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Burns & Gambo

High number of U.S. adults can't swim

Photo: Bob McClay/KTAR

PHOENIX -- We hear the phrase 'Watch Your kids around water' all of the time. But more than 70 percent of drowning victims in the United States are adults, many of whom never learned how to swim.

Some adults in Phoenix are finding out that it's never too late to learn.

Danielle Ashley, 29, never learned to swim. "My mom tried to get me to learn how to swim as a child, so I took I don't know how many lessons. They just didn't work," said Ashley, who admits that's led to frustration.

"It's really bothered when I've gone on vacation and being limited on what I can do. I really like beach vacations, so, as a non-swimmer, you can really get frustrated not being able to play in the water like everyone else."

She isn't alone. The Centers for Disease Control said that 37 percent of adults can't swim 24 yards, which is the length of a typical recreation-center swimming pool.

Ashley decided to learn how to swim, and turned to Klaus Bolle, owner of the Bolle Adult swim school in Phoenix.

Bolle said most adults who never learn had something happen when they were a kid.

"It happens quite often that somebody pushes them underwater. They swallow water, and they get scared, and they don't want to do it again," said Bolle.

"From that day on, if it's bad enough of an experience, they avoid water, and they don't want to go there any more."

Mike Johnson, 43, said he didn't have a scary experience as a kid, but has been trying to learn to swim for years.

"I've been wanting to swim for my whole life," said Johnson. "I was in the service (U.S. Navy) and they tried to teach me there, but I never could get it. I tried private instructors and spent hundreds and hundreds of dollars. Never learned a stroke."

Until he came to Bolle, who said most of his customers are much older than Johnson.

"The average age of our participant is 55 years," said Bolle. "For them, most often, the reason they want to learn is that their doctor tells them 'You have to change your sedentary lifestyle. Get moving!' "

Bolle said many adults who don't learn to swim have problems getting into a swimming pool, especially if it's a public pool or a hotel.

"When they get back into the pool, they are always exposed to spectators, children, other swimmers, and 82 degree water temperature," said Bolle.

He said that any water temperature cooler than 92 degrees is too cold. "You need 92 to make them feel comfortable," said Bolle. "If you don't do that, fear and being cold is the worst combination imaginable."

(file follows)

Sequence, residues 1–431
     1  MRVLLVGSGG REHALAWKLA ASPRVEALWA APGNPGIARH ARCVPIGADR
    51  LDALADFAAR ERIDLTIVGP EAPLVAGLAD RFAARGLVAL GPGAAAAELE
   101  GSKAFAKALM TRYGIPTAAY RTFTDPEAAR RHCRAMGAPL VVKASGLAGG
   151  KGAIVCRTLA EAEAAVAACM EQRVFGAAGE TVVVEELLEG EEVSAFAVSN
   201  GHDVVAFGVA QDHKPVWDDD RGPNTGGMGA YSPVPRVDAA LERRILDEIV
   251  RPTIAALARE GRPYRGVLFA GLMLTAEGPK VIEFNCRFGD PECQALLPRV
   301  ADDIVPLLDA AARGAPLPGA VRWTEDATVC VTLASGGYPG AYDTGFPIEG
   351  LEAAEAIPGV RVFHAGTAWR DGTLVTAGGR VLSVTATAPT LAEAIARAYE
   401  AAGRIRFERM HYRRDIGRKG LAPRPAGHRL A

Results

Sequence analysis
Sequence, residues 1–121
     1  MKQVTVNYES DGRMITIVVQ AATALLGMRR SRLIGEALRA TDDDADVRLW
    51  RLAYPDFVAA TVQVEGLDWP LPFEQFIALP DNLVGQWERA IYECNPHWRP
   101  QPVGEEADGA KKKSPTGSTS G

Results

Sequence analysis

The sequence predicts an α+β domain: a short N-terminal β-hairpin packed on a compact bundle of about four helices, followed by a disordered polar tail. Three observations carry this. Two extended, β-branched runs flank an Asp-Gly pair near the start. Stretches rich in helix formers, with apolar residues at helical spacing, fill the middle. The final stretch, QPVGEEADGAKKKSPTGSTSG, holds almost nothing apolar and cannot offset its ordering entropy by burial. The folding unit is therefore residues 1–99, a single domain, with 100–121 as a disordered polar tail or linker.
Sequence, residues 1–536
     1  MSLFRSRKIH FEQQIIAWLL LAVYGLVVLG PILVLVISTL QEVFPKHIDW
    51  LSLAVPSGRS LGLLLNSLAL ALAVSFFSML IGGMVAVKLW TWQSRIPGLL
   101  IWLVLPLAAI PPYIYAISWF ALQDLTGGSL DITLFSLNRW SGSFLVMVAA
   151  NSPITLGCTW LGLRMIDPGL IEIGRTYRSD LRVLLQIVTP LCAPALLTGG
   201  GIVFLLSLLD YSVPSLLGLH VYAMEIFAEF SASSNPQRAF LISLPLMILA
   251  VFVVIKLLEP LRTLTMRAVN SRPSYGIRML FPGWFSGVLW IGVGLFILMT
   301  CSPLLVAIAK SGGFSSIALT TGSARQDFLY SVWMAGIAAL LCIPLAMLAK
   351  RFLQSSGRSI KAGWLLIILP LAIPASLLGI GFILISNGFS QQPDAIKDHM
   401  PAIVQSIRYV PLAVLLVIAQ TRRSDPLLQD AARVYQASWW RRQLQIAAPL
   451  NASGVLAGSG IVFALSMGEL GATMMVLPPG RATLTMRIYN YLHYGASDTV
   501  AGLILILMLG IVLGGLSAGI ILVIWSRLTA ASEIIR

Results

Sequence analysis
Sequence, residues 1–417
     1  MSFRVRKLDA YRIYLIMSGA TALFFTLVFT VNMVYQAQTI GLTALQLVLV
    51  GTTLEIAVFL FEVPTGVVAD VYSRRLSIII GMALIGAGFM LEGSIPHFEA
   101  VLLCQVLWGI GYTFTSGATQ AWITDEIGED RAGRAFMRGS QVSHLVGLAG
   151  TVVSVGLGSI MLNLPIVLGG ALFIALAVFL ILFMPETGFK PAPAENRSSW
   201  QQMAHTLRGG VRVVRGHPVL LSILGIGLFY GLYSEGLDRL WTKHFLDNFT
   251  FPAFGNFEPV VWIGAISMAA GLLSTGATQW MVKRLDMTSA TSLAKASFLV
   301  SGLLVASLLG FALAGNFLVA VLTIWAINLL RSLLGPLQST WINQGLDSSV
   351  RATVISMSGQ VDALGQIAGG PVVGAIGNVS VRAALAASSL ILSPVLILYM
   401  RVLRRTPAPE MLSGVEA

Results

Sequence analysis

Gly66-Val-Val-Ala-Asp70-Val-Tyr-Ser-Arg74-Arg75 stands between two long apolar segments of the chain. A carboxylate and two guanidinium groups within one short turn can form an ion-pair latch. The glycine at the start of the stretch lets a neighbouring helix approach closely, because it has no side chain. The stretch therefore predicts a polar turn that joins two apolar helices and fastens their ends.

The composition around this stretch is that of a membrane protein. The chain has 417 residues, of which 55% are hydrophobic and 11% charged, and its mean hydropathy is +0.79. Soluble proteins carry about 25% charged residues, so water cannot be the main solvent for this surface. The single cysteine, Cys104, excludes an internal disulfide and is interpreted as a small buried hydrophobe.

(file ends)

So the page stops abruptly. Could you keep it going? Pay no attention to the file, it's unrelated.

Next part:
Bolle promises he can teach a person to swim in five days. Ashley can verify that claim.

"We did the backstroke, the breaststroke, a little bit of freestyle. Pretty much some of everything," Bolle said.

Ashley is so confident in her swimming ability that she said, "I'm going to get online and see what type of deals I can get for (beach) vacations because I'm ready to go now."

As for Johnson, he's boarding a plane today.

"I'm going to Maui," said Johnson. "I want to do a lot of swimming. I'm going to do some snorkling, maybe even try my hand at scuba diving. I'm looking at maybe getting to surf."

You can visit the Bolle Adult Swim School Website by

About the Author

Years with the company: I started on January 2, 2006.

Education: I was born in San Antonio, Texas, but we moved to Phoenix when I was one-year-old in 1957. I grew up here and graduated from Alhambra High School and attended Phoenix College.

Family: I live in north Phoenix with my wife Rene' and my son Devin.

Favorite food: Lots of favorite food, but our favorite restaurant is Fajitas.

Favorite spot in Arizona: The Little America Hotel in Flagstaff.

Favorite news memory: We have to go back to October 15, 1979. I was a country music air personality at KROP Radio in Brawley, California, when we had a 6.7 earthquake. Thankfully, there were no deaths and only minor injuries, but the entire community was pretty freaked out and listening to the station on their transistor radios. I would not want to go through an earthquake again, but it sure was a great night to work in radio and see how it can make a difference in people's lives.

First job: Working as a stringer for 'The Arizona Republic' at high school football games. My first real job was flipping burgers at the old Sandy's Hamburgers at 51st Avenue and Indian School Road. My first radio job was as announcer at KALJ radio in Yuma in 1977.

First concert: My Dad took me to see Jimmy Dean at the Arizona State Fairgrounds in the 1960's. It was before the Coliseum was built. The only thing I remember is Jimmy Dean singing his big hit "Big Bad John."

Favorite sports team: Phoenix Roadrunners minor league hockey. My dad took me to a game when I was in grade school, and I was hooked. I wanted to be a radio hockey play-by-play man. I used to take my cassette recorder and sit up in the rafters of the Coliseum and do play-by-play. It was great later in life to also take my son to Roadrunners games. Too bad the team just folded, I'll miss them. (Going to the Coyotes is fun, but they're not "my" team.)

Outside interests: My family and I are active in our church - Shiloh Community Church in Phoenix. Devin is a high school student at Scottsdale Christian Academy. He plays on the baseball, football, and basketball teams and sings in the choir. Obviously, we keep busy trying to go to all his events! We enjoy going to movies, sporting events, and long road trips. We like to vacation at the Beach Cottages in the Pacific Beach area of San Diego. And I love to play catch, basketball, football with my son.


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